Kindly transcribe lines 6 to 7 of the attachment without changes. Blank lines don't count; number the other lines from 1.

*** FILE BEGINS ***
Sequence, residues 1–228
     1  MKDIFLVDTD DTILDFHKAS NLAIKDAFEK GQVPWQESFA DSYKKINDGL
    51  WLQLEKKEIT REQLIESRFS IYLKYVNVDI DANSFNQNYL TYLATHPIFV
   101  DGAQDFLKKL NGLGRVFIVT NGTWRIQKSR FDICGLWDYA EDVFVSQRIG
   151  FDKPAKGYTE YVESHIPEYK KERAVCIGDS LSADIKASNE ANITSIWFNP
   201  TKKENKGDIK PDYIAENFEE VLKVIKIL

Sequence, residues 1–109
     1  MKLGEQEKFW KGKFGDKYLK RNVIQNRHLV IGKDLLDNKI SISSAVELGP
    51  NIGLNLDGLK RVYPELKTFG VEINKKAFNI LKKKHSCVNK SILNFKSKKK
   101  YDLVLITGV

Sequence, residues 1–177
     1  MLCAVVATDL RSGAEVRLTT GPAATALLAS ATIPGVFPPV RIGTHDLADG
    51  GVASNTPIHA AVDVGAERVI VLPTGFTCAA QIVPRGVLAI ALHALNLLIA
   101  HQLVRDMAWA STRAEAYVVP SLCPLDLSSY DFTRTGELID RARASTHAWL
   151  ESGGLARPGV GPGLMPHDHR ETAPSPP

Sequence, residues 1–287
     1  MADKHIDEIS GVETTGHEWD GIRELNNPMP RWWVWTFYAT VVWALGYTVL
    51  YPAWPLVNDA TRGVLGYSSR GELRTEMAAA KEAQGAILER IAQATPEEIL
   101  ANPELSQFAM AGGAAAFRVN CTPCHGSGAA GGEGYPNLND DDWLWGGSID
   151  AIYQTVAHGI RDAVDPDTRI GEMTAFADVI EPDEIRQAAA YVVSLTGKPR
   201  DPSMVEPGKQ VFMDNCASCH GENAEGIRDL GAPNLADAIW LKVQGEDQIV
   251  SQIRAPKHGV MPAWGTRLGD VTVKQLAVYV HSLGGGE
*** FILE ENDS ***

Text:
   201  TKKENKGDIK PDYIAENFEE VLKVIKIL

Sequence, residues 1–109